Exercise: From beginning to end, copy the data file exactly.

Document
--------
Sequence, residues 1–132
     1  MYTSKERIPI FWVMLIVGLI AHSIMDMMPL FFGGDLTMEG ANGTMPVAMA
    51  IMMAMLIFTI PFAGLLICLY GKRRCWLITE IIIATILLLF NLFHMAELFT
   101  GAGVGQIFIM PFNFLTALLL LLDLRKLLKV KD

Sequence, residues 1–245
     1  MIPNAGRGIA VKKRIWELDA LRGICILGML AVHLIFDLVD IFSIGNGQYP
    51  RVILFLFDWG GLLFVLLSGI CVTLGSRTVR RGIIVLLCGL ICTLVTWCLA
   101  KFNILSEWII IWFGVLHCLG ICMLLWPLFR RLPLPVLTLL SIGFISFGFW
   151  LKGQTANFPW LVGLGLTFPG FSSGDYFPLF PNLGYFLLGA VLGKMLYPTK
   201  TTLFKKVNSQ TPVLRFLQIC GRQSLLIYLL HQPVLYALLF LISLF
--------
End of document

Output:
Sequence, residues 1–132
     1  MYTSKERIPI FWVMLIVGLI AHSIMDMMPL FFGGDLTMEG ANGTMPVAMA
    51  IMMAMLIFTI PFAGLLICLY GKRRCWLITE IIIATILLLF NLFHMAELFT
   101  GAGVGQIFIM PFNFLTALLL LLDLRKLLKV KD

Sequence, residues 1–245
     1  MIPNAGRGIA VKKRIWELDA LRGICILGML AVHLIFDLVD IFSIGNGQYP
    51  RVILFLFDWG GLLFVLLSGI CVTLGSRTVR RGIIVLLCGL ICTLVTWCLA
   101  KFNILSEWII IWFGVLHCLG ICMLLWPLFR RLPLPVLTLL SIGFISFGFW
   151  LKGQTANFPW LVGLGLTFPG FSSGDYFPLF PNLGYFLLGA VLGKMLYPTK
   201  TTLFKKVNSQ TPVLRFLQIC GRQSLLIYLL HQPVLYALLF LISLF